Gen-Z musicians in Hyderabad talk about regional music and what keeps them going
We chat with four famous artistes who are taking over the stage
The city’s music circuit is only getting larger and as we write this, there is a live music event happening in most restaurants across town. The number of bands is increasing and so there is an emergence of different kinds of content aswell. From creating original compositions to releasing music series on YouTube channels, these musicians are pulling all the stops to showcase their music. To find out more, we caught up with four young musicians who are changing the city’s soundscape with their art.
Ram Manoj Patnaik
Ram Manoj Patnaik popularly known as RMP, is the happiest when he is on stage and performing for a live crowd. Not many years ago, when he was in college, he rediscovered his love for music. Doing stage shows at college and getting appreciation for it drove him to take up music as a full-time job. “Being a musician in Hyderabad is definitely not easy. The city is constantly hustling and to be in the league of good musicians, I have started to train in classical music yet again,” he tells us, talking about how his band Chitrapuri Talkies is thriving. While his fans know him for his singing talent, it might interest you to read that the 26-year old is a graduate from one of India’s premier institutions, IIIT Hyderabad. He speaks about choosing an alternative career path and shares, “ There are moments when those closest to me don’t understand what I do. But one must keep working to get where they wish to reach.” Speaking of the city’s music scene, he adds, “It’s crazy here. There are all kinds of bands out there. With live music, we are reaching audiences with soulful renditions of original music, but I wish we did more original compositions — that’s what we aim to do with our band.”
Currently listening: Aaj Dil Gustakh Hai from Blue
For Thiru Vakkalanka, music has never been an option but a lifestyle. All thanks to his father who has a passion for music and passed it down to the 23-year old. He started playing tabla, when he was in just third standard, The drummer recalls, “My father always wished that I played the drums. I remember how overwhelmed I was when he gifted me a drum set in class eight.” But, it was during an internship at Tech Mahindra, that he decided to take this up seriously. He shares, “I started doing live gigs and then met Yadhunandhan Nagaraj, who works with musicians like Sona Mohapatra, Adnan Sami, and Amit Trivedi. He is also the drummer for the Carnatic-progressive outfit Agam and he mentored me and helped me attend Gino Banks and Darshan Doshi’s workshops. Thiru talks about his musical inspirations and tells that drummers like Jojo Mayer, Mark Guiliana, Gavin Harrison, and Yadhunandhan Nagaraj inspire him, and adds, “Legends like Ilaiyaraaja and AR Rahman had a huge impact on my musical journey. I grew up listening to their music. Recently it was Vivek Sagar who moved me with his music. And, Agam, Avial, Thaikuddam Bridge, and Pineapple Express are my indie scene favourites.”
Currently listening: Rangapura Vihara by Agam and the whole of Sitaramam’s album
Being exposed to music at a young age opened a plethora of doors for Agasthya Kumar, who is the bassist for the band Sarvam. He developed an interest in classical music especially veena as his mother was a veena player and enrolled him in music classes. He later goes on to learn how to play the guitar and this gives him a chance to be a part of his college’s music club. “After my graduation, I would jam with other alumni from the college. This gave me immense joy and then I decided to pursue music with Sarvam,” he tells us. While it has been all great for the 26-year-old, being a part of the internet generation, comes with certain setbacks too. “Don’t get me wrong, social media has been a boon for independent musicians. But, I also feel that people have lowered attention span and they prefer watching 30-60 second reels and are not interested to listen to the entire song. I wish people consumed music in a more organic way — like they did in the past time,” he points out. Speaking about local events, he tells that regional music is only getting bigger and better and adds, “There are so many pubs and lounges that have been encouraging the musicians. Crowds are getting larger due to which bands are also increasing in number.”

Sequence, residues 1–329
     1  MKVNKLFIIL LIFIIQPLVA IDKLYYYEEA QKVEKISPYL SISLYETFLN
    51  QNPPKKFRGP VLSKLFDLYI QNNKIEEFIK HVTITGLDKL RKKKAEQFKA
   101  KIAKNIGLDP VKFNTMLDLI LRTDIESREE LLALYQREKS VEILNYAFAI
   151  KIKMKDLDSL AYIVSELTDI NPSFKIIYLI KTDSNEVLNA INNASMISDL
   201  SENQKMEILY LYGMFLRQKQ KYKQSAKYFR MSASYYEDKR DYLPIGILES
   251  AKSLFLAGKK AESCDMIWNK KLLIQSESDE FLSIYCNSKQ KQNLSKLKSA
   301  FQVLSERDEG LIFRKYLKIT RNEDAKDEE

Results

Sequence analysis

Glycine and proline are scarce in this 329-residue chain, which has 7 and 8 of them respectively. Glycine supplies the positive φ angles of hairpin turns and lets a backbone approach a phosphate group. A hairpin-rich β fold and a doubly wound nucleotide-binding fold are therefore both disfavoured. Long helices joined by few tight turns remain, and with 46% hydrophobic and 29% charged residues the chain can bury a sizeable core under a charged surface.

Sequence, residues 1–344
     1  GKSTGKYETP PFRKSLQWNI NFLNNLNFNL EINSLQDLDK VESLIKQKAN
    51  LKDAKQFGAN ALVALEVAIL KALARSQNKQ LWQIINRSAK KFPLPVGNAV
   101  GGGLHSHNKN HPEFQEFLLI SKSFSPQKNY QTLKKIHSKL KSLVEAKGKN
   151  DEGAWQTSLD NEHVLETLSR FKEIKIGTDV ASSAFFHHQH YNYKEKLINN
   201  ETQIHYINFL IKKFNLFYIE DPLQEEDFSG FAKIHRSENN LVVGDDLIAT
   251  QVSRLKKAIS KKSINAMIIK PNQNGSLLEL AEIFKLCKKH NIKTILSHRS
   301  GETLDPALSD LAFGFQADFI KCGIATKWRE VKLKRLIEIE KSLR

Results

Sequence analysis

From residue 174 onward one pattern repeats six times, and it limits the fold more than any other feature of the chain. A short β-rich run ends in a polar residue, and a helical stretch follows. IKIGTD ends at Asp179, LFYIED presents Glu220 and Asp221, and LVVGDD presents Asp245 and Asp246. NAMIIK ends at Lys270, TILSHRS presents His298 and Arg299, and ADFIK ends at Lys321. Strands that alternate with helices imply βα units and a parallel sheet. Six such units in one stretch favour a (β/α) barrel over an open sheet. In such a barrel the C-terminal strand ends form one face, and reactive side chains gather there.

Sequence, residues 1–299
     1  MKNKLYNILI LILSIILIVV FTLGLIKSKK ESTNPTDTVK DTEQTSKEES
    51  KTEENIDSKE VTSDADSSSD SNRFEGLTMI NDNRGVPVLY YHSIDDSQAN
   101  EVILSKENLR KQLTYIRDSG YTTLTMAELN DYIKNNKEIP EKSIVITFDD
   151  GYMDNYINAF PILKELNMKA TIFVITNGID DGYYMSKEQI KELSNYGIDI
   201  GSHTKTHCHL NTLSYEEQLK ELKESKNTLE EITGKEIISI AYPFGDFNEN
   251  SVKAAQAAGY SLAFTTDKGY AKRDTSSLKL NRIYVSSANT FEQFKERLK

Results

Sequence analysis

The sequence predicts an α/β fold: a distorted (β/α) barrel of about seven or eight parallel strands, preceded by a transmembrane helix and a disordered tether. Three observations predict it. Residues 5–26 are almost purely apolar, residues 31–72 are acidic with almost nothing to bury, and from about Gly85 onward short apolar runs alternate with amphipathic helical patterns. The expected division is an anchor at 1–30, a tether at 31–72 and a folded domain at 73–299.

Currently listening: Overnight by Lydian Collective
Swaroop Vyakaranam, the flautist of the band Moksha, is all for experimenting with his craft. For starters, he is trained to be a Carnatic flautist, but he performs at commercial gigs. “They say that music is an endless ocean and when one is an independent musician, they ought to try out a variety of genres,” he shares. Hailing from a musical family, Swaroop is a second-generation musician and learned music initially from his parents and later from his guru Dr Manda Ananta Krishna. Besides his teacher, it is Mahalingam (Flute Mali), Shashank Subrahmanyam, Jayanth JA, and Dr N Ramani who inspire him to do better. He also shares that the young talent from the city must continuously practice getting better at their craft. “It sounds cliché, but I am always trying to be better than what I was the day before. Before concluding our conversation, the 25-year-old advises that the younger lot of musicians must have the patience to break through the music circuit. “Rome wasn’t built in a day, nor are we gonna hit the stage in one. I sense an ‘urgency to perform’ in aspiring musicians these days. Spending time and enjoying your music is what makes this journey beautiful,” he shares.
Currently listening: Nuvvena Naa Nuvvena from Anand